Beach Day: A memory recorded for 9th grade English

by
Jordan Pearce
March 25, 2013

Bumper to bumper, red brake lights was all Larry Pearce could see after his family’s long beach day at Lake Erie. My great uncle, Larry Edsel Pearce, recalls a cherished memory from spending one day every summer at the beach of Erie. “Today, many families spend an entire week in some fancy beach house on the ocean. That must cost a fortune,” he says. Pearce understands that when you have an opportunity to be with your family, you should take every second of it.

The day starts off just as any vacation would, waking up just before sunrise to get in the car half asleep (and still in pajamas) so you could get a head start on the day. “Mother Ruth had packed a picnic basket the night before and gathered all the bathing suits and beach toys. And then, off we would go, up Rt. 8 and then cross over to Rt. 19,” Pearce recalls. After the two hour drive on the two lane roads of the 1950s, they arrive at a crowded parking lot on the lake with picnic pavilions and a path to the beach. His father, Ralph, packs a small gas grill on which he made eggs and bacon for breakfast. Pearce and his siblings Paul, Carl, and Ellen ate quickly enough to satisfy their mother and their little stomachs. When mother gave the OK signal they ran to the bathhouses to change into their swim suits.

“We raced between life guard towers and built sand castles. Then we would just sit and take in the beautiful scenery,” Pearce remembers. Before they knew it, Father Ralph was calling for lunch and the day was already half gone. Ralph would cook on the same small gas powered grill that he used for breakfast. For lunch the options were usually hotdogs and hamburgers. “Later in the day, Dad would call us to change into our street clothes. We had to make a decision. Did we want to go for a powerboat ride on the inner lagoon or drive into the downtown City of Erie to the public pier where the big boats were docked and the fishing tours originated? Seems like our choice alternated each year, so we got to do both,” Pearce recollects.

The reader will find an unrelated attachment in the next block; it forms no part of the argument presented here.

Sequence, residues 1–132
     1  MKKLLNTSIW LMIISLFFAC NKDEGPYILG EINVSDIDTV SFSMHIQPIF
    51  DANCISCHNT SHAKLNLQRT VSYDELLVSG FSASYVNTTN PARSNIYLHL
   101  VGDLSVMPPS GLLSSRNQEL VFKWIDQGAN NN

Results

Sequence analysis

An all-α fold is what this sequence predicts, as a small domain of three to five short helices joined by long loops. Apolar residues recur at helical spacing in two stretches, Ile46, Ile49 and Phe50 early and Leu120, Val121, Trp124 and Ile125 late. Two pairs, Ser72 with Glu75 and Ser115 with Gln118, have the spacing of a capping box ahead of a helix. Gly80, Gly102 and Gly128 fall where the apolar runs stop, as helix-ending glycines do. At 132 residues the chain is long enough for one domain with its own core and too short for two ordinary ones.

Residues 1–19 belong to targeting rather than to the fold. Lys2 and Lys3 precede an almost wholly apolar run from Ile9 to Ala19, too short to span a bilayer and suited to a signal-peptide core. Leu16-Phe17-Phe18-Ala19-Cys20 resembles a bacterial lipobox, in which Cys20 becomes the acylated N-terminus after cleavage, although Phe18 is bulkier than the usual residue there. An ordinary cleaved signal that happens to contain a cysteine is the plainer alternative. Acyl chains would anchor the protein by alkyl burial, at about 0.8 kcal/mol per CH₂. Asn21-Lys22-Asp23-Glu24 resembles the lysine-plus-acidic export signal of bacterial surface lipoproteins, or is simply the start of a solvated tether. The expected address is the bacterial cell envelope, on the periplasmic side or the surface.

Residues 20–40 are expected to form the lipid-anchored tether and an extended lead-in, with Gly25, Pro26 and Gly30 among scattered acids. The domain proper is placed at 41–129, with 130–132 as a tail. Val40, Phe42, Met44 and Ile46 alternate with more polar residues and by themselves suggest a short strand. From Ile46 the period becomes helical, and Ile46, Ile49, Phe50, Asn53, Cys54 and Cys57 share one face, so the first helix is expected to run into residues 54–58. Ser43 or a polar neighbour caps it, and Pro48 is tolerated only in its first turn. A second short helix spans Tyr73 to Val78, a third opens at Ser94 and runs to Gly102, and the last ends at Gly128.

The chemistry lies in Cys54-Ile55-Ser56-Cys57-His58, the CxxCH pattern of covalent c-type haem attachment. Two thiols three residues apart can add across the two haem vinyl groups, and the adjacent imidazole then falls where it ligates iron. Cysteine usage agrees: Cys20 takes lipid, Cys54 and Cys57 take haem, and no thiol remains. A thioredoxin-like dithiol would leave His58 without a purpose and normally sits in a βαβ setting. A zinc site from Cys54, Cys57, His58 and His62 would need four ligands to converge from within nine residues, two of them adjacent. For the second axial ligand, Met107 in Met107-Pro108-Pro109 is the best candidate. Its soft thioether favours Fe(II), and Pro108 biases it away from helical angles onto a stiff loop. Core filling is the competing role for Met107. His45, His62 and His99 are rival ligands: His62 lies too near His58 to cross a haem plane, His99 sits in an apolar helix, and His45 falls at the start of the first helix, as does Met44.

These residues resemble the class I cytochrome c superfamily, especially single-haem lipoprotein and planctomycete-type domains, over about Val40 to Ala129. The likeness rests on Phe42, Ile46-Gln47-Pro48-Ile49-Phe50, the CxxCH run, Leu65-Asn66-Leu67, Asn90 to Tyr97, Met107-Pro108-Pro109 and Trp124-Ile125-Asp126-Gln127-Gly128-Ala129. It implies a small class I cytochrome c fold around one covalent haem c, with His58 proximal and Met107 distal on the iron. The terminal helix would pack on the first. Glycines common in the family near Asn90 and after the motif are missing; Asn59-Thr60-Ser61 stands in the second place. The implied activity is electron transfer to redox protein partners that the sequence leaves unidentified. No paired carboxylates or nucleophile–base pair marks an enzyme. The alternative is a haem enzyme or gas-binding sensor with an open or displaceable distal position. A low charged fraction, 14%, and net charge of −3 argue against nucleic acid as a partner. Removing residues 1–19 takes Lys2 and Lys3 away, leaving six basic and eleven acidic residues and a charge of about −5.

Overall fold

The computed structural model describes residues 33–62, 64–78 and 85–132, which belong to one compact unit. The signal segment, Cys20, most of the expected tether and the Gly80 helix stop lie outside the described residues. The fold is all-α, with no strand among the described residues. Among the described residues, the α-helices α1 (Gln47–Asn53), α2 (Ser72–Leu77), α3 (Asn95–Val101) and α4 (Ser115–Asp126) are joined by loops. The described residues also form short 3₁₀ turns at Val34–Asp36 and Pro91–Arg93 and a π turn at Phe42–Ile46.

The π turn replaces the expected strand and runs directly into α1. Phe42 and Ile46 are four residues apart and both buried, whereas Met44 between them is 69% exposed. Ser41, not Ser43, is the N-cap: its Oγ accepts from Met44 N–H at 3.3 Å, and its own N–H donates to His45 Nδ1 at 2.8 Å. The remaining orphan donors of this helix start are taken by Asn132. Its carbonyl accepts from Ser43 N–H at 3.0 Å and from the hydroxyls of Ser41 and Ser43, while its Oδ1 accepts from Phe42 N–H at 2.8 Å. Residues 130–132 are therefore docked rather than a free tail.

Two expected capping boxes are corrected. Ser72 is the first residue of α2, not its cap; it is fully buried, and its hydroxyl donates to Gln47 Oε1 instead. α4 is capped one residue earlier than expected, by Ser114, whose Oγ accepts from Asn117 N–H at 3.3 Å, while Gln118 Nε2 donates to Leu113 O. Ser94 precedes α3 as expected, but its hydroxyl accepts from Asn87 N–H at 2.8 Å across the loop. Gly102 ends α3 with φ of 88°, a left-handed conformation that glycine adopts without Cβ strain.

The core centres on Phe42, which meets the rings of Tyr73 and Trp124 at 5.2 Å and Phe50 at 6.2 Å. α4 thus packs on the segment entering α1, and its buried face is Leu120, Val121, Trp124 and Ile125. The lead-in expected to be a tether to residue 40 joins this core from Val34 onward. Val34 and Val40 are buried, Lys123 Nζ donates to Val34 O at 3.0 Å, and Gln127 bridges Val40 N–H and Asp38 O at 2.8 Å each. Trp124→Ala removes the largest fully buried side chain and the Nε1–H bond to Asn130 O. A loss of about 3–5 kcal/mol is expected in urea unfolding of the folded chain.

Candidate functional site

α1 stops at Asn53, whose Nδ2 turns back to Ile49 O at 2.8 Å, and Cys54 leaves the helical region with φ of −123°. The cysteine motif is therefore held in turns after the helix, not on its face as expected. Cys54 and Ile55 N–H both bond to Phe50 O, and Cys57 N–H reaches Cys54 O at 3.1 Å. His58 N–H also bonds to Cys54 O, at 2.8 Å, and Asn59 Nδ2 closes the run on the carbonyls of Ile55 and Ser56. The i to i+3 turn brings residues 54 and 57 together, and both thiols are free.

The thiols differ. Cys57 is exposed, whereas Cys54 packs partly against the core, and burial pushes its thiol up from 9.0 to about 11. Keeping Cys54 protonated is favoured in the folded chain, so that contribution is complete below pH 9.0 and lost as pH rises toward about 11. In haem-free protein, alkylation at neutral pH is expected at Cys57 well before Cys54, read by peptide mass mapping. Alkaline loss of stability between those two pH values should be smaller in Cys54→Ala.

Of course when elder brothers Carl and Paul got old enough to drive they would invite their girlfriends to accompany them to the lake, in separate cars from Pearce, Mom, Dad, and Sister Ellen of course. They would all meet at the lake for food and water fun but somehow they had other things on their mind, grown-up stuff. “By the time I was old enough to drive, seems the idea of taking my best girl to Lake Erie no longer appealed to me,” Pearce evokes. He did, however, take his own kids, Annie and Matt, and wife, Susan, to Lake Erie, much later of course, and that was very fun.

Just as the dawn to the lake had been dark, so had the excursion home. It was as if every family at the beach was on their way home on the two lane roads. “All I remember were the miles and miles of red tail lights stretching into the dark horizon,” Pearce says with a grin on his face. “Gone are the days when a small family could cram so much fun into a single day once a year at such a wonderful location as Lake Erie so relatively close to home,” Pearce has taught me to hold onto the memories we make in our childhood so that we may look back on them in the future whether it’s telling stories to our grandkids or just looking for a smile. When you get older and the people you have loved all your life begin to fade away, Pearce knows that you need memories such as this to hold onto and cherish forever.

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